If you want to know how to stay sober, you want to know how to get that life you love, you want to know how the promises will start manifesting in your life?  It is about learning how to show up in life and be that person.  It is living life from the inside out not from the outside in.  It is never about what is going on, it it always about who am I going to be in the face of what is going on.

 

Since coming into these rooms and turning a corner and going through the processes outlined in the Big Book of Alcoholics Anonymous, the thing I can tell you is there is nothing that has happened in my life that has overwhelmed me, nothing has occurred that has put me over the edge.  I know several people in this program who have lost children to suicide, to overdose, they have sat with their dying parents.  They have lost jobs, gone through divorce, lost their homes, they have experienced everything you can experience and they walked through it, they stayed sober, and went on living.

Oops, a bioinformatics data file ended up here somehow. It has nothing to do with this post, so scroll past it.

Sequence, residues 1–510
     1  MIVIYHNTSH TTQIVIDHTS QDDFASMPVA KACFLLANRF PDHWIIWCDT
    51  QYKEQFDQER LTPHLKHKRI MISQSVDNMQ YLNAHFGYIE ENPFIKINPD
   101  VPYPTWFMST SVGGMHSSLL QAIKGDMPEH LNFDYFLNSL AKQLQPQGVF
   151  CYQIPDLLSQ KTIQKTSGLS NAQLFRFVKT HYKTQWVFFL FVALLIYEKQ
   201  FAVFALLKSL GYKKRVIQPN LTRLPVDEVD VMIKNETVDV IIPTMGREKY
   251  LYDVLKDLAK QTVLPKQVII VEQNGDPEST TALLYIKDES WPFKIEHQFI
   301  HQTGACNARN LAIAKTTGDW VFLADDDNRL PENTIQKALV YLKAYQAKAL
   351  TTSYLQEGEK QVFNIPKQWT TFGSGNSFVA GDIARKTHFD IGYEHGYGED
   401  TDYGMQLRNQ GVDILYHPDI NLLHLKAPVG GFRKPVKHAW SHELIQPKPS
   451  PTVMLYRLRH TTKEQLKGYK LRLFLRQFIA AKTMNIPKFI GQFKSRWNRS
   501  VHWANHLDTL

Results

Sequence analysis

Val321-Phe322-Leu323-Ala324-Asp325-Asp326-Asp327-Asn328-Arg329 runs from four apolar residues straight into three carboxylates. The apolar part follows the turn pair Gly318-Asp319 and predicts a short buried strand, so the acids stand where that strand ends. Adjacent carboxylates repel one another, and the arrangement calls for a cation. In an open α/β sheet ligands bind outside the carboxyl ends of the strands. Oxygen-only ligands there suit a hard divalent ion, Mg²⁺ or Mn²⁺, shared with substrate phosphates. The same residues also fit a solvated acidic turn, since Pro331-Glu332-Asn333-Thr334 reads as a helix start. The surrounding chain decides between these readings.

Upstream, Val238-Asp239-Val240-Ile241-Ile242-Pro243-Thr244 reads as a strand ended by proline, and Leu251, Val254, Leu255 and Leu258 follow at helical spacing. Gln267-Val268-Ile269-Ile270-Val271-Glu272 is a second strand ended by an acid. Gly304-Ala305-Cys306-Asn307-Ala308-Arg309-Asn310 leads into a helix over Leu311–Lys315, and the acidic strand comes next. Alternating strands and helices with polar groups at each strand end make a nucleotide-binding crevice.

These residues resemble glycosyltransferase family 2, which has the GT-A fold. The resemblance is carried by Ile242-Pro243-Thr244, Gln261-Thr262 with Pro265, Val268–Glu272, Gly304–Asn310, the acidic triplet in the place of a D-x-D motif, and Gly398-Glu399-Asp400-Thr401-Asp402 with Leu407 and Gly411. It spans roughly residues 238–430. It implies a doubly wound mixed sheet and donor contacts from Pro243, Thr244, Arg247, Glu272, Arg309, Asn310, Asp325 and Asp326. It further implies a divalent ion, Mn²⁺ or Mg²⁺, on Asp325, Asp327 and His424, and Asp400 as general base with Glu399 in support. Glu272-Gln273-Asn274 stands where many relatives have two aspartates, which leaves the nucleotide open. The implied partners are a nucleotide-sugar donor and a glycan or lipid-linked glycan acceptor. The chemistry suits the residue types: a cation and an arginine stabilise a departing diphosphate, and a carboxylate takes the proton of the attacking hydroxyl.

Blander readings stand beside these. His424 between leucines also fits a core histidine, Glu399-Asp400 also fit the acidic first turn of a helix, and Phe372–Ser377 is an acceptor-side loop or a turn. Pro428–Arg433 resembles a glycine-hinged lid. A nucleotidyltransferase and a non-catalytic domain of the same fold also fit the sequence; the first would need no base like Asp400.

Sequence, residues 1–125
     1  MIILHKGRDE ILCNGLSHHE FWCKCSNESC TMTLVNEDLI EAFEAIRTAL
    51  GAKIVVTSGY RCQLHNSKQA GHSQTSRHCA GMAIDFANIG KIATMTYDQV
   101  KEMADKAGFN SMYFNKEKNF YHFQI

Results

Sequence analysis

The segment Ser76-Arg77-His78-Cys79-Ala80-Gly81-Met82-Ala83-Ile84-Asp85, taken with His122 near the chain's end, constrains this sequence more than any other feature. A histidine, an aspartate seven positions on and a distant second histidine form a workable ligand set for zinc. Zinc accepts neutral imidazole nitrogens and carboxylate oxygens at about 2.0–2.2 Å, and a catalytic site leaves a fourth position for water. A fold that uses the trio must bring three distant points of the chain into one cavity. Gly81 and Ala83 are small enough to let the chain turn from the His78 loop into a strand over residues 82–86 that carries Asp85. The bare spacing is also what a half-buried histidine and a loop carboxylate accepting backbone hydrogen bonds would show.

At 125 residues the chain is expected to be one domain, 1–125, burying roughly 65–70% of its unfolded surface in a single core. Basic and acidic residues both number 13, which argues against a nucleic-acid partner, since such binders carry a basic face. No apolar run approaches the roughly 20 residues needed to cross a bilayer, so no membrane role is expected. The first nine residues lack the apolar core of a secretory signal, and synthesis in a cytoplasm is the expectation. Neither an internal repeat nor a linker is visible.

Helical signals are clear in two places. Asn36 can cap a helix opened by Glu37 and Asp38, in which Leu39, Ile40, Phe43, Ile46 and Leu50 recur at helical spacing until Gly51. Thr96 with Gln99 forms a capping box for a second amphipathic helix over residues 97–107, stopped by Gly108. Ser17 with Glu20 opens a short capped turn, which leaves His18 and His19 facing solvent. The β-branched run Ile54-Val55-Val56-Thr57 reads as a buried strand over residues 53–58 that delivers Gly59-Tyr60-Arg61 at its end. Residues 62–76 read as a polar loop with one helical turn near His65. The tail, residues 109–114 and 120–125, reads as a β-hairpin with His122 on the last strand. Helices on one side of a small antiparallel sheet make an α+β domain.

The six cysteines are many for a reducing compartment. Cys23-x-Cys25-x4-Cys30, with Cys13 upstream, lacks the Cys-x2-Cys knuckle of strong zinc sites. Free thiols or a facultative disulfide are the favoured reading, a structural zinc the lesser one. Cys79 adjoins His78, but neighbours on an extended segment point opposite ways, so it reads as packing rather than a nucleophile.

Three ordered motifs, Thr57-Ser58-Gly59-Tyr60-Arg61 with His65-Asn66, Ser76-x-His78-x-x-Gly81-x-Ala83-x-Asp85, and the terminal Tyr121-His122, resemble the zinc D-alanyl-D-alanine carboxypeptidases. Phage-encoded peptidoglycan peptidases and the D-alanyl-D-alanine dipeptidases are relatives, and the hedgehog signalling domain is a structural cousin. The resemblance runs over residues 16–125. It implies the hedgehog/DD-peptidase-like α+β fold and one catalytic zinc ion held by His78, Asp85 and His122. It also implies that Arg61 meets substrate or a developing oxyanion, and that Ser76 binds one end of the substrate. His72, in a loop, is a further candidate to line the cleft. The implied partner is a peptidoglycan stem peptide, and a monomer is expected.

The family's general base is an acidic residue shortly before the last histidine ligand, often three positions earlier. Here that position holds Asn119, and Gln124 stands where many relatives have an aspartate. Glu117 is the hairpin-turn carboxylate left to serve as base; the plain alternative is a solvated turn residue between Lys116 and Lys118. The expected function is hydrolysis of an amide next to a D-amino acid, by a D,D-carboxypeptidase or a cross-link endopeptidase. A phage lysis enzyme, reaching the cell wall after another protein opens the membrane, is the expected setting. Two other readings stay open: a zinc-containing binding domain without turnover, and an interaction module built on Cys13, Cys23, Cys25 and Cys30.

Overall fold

An older gentlemen working at a treatment center I was able to visit told me, “If I had to try not to drink today I would be out there with a big bag of cocaine and a big bottle of tequila or scotch or something.  This program, AA, is not about that.  This deal is not about trying not to drink.  This deal is about becoming a person through that process who is relieved of maladies of the spirit and is truly willing to embrace the amazing role set aside for them.